The gap between the top two has shrunk to 2nm, the chasing pack have clawed back the miles lost overnight and VAIO and Samsung have both overtaken the teams above them since this morning's poll.
has taken fourth place back from Me to You
, and Samsung
has continued marching up the leaderboard - this time overtaking Barclays Adventurer
to lay claim to sixth.
In an interview yesterday, BP Explorer's
skipper David MELVILLE reported that the heaters are not working below deck - an unfortunate problem as the temperature gradually drops the further south they sail. In tactical terms, logic is of course the master of desire, but the problem with the heater is compounding the understandable wish (most likely reflected across the fleet judging from the daily logs) that they will not have to head too much further south:
'Continuous winds that are north of west mean the logical route is to the south,'
explained David MELVILLE, 'but as our latitude draws level with some of the islands on the Antarctic Peninsula, we all have our fingers crossed for a shift.'
Me to You
reported some problems with their watermaker, which instigated strict rationing and ingenious uses for salt water. James ALLEN described the problem in his daily log earlier today:
'We have discovered that the high-pressure pump that is essential to the watermaker's operation is leaking and therefore not supplying water at a high enough pressure. The good news is that we have a set of spare seals for the pump so we should be able to fix it. We are now waiting for some calm weather, as we need to remove the pump and dismantle it to replace the seals - not an easy job in a workshop let alone a galley table bouncing around in the Southern Ocean.'
Thankfully the conditions allowed the team to disassemble the watermaker today and 21 o-ring seals were replaced. The latest news from the yacht indicates there is no longer a leak, and hopefully a return to full operational fitness should be confirmed soon.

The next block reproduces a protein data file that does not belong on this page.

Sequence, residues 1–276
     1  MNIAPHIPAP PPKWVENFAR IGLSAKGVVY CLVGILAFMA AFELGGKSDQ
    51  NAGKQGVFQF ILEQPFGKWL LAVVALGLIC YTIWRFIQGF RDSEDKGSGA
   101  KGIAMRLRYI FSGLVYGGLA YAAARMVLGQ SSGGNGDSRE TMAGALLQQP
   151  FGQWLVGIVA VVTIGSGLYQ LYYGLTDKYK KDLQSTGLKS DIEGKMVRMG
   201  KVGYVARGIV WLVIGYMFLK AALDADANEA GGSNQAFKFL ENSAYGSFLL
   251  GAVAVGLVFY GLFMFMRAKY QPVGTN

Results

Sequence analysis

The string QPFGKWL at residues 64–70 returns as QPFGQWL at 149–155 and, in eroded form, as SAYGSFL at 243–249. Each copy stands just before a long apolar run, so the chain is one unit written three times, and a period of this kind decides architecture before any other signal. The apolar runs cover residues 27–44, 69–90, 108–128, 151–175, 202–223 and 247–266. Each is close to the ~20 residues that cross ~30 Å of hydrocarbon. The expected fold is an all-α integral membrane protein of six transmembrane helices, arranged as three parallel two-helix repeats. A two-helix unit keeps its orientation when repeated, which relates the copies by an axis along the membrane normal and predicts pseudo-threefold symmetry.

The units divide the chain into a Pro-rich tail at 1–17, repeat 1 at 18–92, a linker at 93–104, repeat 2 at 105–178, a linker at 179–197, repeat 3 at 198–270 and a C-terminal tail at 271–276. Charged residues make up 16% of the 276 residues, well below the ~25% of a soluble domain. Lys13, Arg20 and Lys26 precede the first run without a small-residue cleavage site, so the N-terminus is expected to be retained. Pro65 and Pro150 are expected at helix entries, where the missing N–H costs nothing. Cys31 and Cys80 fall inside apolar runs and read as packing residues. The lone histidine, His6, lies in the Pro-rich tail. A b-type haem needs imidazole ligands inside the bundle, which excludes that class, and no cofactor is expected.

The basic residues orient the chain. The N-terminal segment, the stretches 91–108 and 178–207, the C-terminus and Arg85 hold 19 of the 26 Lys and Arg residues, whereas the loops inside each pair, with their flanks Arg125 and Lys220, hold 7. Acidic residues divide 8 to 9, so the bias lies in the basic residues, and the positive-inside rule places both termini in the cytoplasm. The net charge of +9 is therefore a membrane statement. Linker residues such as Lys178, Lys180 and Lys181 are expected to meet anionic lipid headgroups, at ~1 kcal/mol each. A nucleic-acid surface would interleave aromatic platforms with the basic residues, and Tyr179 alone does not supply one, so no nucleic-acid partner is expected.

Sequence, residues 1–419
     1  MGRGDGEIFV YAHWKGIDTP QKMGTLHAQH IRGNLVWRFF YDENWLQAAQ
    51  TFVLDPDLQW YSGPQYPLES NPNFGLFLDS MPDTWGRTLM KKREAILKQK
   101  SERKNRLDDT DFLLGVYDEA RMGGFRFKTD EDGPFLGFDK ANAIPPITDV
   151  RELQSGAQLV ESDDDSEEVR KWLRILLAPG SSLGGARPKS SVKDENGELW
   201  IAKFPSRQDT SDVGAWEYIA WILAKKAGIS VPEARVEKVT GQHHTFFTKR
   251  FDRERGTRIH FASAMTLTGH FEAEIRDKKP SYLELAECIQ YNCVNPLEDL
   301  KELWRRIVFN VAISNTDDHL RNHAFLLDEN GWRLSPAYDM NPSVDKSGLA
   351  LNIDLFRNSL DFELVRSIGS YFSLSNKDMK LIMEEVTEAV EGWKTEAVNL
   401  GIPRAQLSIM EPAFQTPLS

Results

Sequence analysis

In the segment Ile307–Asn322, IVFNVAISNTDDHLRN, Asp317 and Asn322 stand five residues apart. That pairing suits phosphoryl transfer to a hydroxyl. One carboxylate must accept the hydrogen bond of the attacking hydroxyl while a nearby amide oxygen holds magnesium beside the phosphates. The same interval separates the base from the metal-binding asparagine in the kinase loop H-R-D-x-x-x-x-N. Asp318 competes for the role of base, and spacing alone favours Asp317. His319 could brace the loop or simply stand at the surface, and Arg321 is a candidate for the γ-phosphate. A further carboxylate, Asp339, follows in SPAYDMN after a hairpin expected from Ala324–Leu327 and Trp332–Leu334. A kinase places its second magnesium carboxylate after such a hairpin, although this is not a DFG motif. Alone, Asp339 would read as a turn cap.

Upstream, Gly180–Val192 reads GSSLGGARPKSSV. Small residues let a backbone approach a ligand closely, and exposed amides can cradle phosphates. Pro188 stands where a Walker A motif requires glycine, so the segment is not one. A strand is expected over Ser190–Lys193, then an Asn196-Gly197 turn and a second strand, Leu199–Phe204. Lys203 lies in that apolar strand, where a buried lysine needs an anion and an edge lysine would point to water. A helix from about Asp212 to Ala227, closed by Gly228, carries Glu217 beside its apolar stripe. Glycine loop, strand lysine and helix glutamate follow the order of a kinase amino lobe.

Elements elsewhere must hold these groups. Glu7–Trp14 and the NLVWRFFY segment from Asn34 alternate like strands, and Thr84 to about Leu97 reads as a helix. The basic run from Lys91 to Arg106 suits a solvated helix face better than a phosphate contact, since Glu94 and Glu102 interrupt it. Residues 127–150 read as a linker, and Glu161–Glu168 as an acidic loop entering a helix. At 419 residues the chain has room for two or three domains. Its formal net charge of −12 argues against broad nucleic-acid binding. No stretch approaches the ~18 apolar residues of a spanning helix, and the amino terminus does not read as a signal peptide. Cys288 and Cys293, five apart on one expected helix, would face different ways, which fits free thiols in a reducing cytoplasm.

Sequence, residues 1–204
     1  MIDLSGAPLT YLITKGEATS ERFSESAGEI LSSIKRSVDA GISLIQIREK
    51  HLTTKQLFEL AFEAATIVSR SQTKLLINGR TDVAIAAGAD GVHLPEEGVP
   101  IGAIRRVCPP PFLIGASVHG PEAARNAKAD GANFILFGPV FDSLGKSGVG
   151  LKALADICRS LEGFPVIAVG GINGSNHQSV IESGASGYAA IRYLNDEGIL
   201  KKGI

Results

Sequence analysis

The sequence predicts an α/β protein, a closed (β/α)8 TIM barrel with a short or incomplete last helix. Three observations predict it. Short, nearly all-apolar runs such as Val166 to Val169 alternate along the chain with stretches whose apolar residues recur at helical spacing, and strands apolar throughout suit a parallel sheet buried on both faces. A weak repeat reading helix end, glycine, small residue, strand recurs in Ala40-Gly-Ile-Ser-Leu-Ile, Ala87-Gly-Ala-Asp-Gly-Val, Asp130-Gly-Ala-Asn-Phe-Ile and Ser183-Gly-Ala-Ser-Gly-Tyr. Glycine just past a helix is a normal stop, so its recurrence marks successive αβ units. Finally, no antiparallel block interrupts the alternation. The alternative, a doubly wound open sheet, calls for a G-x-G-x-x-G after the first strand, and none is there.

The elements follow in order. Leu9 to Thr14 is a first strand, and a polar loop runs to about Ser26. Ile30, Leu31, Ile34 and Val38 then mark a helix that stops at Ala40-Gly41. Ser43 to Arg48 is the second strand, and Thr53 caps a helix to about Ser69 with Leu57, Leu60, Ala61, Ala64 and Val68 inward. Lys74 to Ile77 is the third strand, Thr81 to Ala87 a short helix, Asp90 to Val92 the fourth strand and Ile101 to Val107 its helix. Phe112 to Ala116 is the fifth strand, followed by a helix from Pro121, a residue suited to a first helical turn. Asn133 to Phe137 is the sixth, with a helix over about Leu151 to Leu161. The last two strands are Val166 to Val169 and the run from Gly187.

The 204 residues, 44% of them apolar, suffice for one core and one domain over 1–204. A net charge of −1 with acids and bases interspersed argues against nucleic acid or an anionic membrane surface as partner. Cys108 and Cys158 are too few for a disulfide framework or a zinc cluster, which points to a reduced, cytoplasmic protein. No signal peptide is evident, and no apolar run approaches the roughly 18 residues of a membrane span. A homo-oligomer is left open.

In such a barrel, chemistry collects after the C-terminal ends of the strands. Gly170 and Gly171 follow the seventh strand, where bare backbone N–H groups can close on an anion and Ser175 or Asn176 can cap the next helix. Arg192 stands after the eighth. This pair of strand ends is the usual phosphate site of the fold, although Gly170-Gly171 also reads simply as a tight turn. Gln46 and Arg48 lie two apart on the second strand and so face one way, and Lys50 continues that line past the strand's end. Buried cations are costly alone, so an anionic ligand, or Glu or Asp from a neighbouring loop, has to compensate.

Eero LEHTINEN, skipper of SAIC La Jolla
and Clive COSBY, skipper of Team Stelmar
have both reported that conditions are much lighter today. The wind has dropped to about 13 knots for most of the teams and light, variable conditions are forecast for the next 24-hours or so. When the next low-pressure system moves in from the west the winds will rise and the multiple sail changes will begin again in earnest!
Clive COSBY also took the opportunity this afternoon to thank Stelmar for their help and support during their medical evacuation, before asserting that the team intends to fight all the way to Wellington to take some good points away from this leg despite their setback. Unfortunately for the team, although they made a prudent decision to divert off the racecourse to make the drop off before entering the expanse of Southern Ocean that lies between Cape Horn and the finish line - there is no avenue for redress.
The International Sailing Federation's Racing Rules for Sailing (Section 62); the external sailing rules that govern the race, do not allow for redress for the time lost in this situation. In the 2000 race, Logica
were in a similar situation, and they did not receive any redress for time lost. In fact, they were penalised a point for not returning to the exact point at which they left the racecourse before officially rejoining the race.
Safety has always been paramount throughout the history of the race, and the skippers base their decisions on the most important factor of all - the safety of all those onboard. Team Stelmar
will now have to force thier way back into the race with sheer determination and sailing ability, and so far they are doing a grand job of it.
On an afternoon packed with news, we can also report that Iain PARR, Crew Volunteer aboard Team Save the Children
, became a father for the first time last night. His wife Catherine gave birth to Amy in Bangkok as he raced out into the Southern Ocean. Iain described his emotions before the birth in an interview
recently, and today Campo (Anthony CAMPBELL) described events on board when the news came through:
'It's been an emotional few days for Iain, not only has he had to deal with all the day to day sailing issues, but also the imminent birth of his first child. The sense of relief when he made the call from the boat and found out everything had gone fine was huge. There were a few tears of joy and maybe a hint of sadness that he couldn't be there with Cat for the birth, but overall I think the overriding feeling was of relief and happiness.'